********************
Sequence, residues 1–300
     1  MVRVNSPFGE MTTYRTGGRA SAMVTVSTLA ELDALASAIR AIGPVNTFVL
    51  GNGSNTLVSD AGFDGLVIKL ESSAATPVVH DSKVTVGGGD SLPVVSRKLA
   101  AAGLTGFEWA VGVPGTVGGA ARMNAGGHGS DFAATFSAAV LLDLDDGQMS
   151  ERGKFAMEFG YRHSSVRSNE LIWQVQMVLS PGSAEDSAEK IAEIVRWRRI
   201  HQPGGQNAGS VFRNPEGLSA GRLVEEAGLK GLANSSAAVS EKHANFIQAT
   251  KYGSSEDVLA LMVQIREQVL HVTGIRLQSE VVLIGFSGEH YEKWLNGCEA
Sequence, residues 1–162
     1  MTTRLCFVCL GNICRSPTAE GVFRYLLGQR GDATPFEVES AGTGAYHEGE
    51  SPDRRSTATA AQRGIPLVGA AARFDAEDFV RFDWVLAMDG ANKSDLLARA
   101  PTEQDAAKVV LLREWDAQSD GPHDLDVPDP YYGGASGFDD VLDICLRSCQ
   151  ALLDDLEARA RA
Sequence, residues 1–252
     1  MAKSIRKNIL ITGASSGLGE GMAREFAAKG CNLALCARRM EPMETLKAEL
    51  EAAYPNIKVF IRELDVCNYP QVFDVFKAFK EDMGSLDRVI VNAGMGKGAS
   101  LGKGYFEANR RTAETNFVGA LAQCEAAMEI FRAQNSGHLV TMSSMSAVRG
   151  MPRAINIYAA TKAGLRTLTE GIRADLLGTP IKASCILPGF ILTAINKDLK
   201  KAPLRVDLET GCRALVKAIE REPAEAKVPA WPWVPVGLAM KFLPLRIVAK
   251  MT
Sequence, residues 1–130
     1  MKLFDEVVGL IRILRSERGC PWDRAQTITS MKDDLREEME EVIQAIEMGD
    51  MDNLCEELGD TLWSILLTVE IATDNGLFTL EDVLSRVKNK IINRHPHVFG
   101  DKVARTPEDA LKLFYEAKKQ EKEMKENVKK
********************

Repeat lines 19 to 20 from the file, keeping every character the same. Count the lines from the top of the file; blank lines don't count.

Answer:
   251  MT
Sequence, residues 1–130